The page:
(Reuters) - Argentine President Cristina Fernandez began a second four-year term on Saturday with a strong mandate to intensify the unorthodox economic policies that critics say have left the country ill-prepared for a global slowdown.
Controversial measures such as curbs on beef and wheat exports and the sudden takeover of private pensions go down well with Fernandez’s leftist supporters but are generally unpopular with investors, big business and farmers.
Days after she was re-elected in October, Fernandez surprised the country with new currency controls in a bid to stop capital flight, suggesting that she will maintain the heavy-handed approach to problem-solving seen during her turbulent first term.
Initial cuts to state utility subsidies, however, indicate she may be looking to rein in state spending, and financial markets welcomed her choice of a debt specialist as economy minister.
Here are details of her policies and possible reforms:
Argentina is one of the world’s top grains suppliers and tensions over interventionist agricultural policies overshadowed Fernandez’s first term. Some farm leaders fear she could boost the state’s role in the multibillion grains trade, especially if an economic slowdown squeezes state finances.
Tensions with farmers have eased since they staged a wave of strikes in 2008 over a tax hike on soy exports. Fernandez scrapped the unpopular agency in charge of overseeing grains exports and some analysts think she could back a proposal to overhaul corn and wheat export quotas, a major gripe of the farmers.
A law to limit land sales to foreigners, which languished in Congress in 2011, will likely be quickly revived.
As new agriculture minister, she has picked little-known Fishing Undersecretary Norberto Yahuar, a career politician in his native Chubut province.
Fernandez’s fortunes in her second term could hinge on her success in keeping people in jobs and ensuring exports are competitive, as inflation drives up production costs and key trade partners’ currencies depreciate.
The 2012 budget bill sees the peso weakening against the dollar next year as double-digit inflation erodes the competitiveness of local manufactured goods.
Besides the managed-float exchange rate policy, Fernandez has thrown up import barriers that have riled key trade partners Brazil and China. Car makers agreed to match imports with exports in a bid to boost the domestic parts industry and a shrinking trade surplus. Most analysts expect such measures to be intensified if the economy stagnates.
Pay talks early next year will be closely watched for signs the government is committed to cooling wages that are rising at an annual rate of almost 30 percent. Officials have called for moderation and business leaders say limiting raises is crucial.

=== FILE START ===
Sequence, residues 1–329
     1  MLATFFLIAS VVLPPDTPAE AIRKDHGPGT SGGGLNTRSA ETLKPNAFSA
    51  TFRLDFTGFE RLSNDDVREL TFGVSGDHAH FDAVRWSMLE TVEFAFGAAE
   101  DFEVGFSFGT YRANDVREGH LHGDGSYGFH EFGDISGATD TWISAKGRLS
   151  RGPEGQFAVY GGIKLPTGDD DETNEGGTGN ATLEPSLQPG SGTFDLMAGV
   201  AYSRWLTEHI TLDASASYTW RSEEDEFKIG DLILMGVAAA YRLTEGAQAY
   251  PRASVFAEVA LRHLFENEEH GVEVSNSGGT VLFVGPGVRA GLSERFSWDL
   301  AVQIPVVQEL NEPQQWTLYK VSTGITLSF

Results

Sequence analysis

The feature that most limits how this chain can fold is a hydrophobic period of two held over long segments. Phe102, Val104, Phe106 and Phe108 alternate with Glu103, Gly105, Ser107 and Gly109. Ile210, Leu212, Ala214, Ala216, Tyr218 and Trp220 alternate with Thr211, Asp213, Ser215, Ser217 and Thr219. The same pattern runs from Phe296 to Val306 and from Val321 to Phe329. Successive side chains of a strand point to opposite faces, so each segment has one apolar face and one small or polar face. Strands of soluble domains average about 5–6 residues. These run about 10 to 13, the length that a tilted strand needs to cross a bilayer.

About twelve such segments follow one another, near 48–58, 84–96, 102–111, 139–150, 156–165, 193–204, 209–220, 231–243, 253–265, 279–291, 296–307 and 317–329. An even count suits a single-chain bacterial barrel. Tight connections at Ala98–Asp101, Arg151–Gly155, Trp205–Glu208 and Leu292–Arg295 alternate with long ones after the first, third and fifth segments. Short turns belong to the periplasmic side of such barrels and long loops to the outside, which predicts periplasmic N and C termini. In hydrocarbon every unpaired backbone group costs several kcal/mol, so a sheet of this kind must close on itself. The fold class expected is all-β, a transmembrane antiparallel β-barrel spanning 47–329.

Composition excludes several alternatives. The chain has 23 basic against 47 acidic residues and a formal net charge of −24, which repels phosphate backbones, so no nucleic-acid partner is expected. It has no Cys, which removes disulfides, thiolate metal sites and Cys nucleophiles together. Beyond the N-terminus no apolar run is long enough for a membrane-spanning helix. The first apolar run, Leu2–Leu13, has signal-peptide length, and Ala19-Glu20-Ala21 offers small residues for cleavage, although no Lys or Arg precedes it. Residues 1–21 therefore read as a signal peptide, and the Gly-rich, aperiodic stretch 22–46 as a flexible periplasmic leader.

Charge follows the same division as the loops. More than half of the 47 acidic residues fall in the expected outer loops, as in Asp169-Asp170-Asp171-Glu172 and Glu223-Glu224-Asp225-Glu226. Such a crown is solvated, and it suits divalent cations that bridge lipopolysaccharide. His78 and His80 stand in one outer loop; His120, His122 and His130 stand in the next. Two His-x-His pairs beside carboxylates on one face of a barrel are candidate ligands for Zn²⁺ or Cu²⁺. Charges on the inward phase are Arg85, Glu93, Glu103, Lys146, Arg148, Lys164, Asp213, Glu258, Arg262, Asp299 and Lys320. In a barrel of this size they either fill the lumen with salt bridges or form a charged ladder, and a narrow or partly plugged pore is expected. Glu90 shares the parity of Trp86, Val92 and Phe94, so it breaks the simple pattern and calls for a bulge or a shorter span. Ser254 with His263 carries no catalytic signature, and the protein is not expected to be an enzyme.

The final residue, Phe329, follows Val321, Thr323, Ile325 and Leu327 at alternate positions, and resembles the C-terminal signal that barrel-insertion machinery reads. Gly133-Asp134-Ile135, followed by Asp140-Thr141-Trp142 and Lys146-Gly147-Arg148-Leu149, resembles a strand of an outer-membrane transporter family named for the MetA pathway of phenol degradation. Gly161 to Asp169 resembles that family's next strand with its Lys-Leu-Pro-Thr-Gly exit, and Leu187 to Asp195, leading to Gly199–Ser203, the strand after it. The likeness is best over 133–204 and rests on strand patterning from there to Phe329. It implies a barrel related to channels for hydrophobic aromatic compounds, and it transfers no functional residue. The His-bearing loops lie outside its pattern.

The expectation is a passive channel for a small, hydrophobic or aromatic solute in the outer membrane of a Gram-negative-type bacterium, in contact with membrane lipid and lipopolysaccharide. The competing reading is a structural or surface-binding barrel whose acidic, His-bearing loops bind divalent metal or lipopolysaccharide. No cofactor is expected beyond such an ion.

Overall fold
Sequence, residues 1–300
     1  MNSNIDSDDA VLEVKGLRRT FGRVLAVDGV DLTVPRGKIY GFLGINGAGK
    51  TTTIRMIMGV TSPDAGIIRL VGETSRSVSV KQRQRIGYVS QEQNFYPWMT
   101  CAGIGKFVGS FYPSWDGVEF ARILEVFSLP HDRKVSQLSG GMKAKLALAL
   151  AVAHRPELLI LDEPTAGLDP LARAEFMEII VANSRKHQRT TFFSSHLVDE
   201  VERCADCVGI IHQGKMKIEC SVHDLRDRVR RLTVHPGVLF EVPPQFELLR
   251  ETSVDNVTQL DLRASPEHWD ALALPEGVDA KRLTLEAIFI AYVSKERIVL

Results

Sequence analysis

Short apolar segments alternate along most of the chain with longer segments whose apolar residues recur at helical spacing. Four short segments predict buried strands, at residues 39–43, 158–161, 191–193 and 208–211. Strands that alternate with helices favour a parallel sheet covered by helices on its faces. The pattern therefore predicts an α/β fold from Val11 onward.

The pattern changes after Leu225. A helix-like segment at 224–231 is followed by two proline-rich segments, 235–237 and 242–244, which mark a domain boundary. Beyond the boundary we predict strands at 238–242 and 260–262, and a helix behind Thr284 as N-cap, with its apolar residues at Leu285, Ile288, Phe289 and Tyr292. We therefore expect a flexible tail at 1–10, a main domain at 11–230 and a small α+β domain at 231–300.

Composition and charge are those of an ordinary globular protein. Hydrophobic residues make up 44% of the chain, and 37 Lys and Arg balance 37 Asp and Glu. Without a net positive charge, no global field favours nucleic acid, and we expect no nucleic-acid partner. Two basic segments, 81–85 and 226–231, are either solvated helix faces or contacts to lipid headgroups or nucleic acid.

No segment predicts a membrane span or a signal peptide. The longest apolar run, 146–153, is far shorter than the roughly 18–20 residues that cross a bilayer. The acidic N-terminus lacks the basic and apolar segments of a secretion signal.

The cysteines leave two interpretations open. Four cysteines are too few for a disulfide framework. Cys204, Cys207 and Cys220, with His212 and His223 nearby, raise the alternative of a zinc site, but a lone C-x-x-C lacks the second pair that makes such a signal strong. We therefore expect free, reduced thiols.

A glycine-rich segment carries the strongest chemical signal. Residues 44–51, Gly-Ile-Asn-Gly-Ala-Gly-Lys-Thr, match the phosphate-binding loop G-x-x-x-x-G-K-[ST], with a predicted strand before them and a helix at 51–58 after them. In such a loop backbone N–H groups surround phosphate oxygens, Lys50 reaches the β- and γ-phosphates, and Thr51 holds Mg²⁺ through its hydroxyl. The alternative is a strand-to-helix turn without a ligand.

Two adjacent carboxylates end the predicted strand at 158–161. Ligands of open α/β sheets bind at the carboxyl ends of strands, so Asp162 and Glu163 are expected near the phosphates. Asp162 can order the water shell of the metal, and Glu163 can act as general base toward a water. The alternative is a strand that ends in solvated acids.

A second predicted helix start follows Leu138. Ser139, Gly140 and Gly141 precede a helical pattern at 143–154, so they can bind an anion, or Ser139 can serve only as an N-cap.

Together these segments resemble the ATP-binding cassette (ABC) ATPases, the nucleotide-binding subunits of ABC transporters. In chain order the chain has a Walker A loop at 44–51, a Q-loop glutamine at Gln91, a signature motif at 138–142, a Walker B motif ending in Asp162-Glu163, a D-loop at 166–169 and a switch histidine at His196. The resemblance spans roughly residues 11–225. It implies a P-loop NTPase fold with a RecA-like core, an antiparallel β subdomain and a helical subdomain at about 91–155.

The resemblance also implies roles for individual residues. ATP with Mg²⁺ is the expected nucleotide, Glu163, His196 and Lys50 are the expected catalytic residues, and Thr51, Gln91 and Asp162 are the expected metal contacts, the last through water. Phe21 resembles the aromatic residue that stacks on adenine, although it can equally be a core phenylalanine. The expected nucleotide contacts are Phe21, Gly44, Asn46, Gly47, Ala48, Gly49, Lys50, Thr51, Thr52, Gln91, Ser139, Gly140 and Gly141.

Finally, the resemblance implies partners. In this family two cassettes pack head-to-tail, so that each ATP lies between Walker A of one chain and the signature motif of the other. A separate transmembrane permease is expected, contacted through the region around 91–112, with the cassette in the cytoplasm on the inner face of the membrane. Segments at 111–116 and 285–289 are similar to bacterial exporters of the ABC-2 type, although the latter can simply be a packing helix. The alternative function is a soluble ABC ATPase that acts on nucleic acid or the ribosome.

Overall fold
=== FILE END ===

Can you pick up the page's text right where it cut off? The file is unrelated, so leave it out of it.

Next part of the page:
Ten years after staging the biggest sovereign debt default in history, Argentina has yet to return to global credit markets. Outgoing Economy Minister Amado Boudou has said the government can meet its financing needs without having to sell new debt at high rates. The 2012 budget bill earmarks the use of billions of dollars in Central Bank reserves to service public debt for a third year. Heavy Treasury borrowing from other state bodies, such as the Anses pensions agency, is also likely to continue.
However, economists say a possible slowdown next year might prompt the government to sell up to $3 billion in new debt as a way to maintain brisk spending.
In an apparent effort to shield the foreign reserves, Fernandez has already acted to stem capital flight. Days after the election, curbs were announced on the buying of dollars, insurers were told to repatriate investments and resources firms were ordered to cash in export proceeds locally.
The government’s financing gap would increase if it starts repaying the nearly $9 billion the country owes the Paris Club of wealthy creditor nations, one of the last unresolved remnants of the $100 billion default in 2002. New Economy Minister Hernan Lorenzino has played a key role in stalled talks on a repayment plan, but a worsening financing outlook might discourage a deal.
Argentina’s central bank has no inflation-targeting regime and the government uses company price accords and export curbs to try to ensure basic goods are affordable.
Financial markets are watching for efforts to restore credibility to official inflation data. The numbers have come in way below private forecasts since early 2007, when Fernandez’s late husband and predecessor as president, Nestor Kirchner, fired long-serving staff at the consumer price unit.
Statistics officials are working with the International Monetary Fund to design a new consumer price index that should be up and running by early 2014. It is unclear whether the roughly quarter of Argentine bonds that are inflation-indexed would be based on the new index and whether it will be any closer to private estimates.
Fernandez is not expected to become a fierce inflation-fighter but she could cool spending a bit and encourage unions to ease wage demands to contain pressures.
Almost a decade of rapid economic expansion and slack investment in exploration are straining Argentina’s energy resources. That is forcing the government to import more fuel, eroding the trade surplus.
Since the election, the government has cut more than $1 billion in utility subsidies from homes and businesses and has said it would review billions more, a move welcomed by Wall Street but likely to prove unpopular at home.
Some new energy projects are coming on line. This combined with the discovery of a huge shale gas deposit in Patagonia has raised hopes that Argentina could regain energy independence.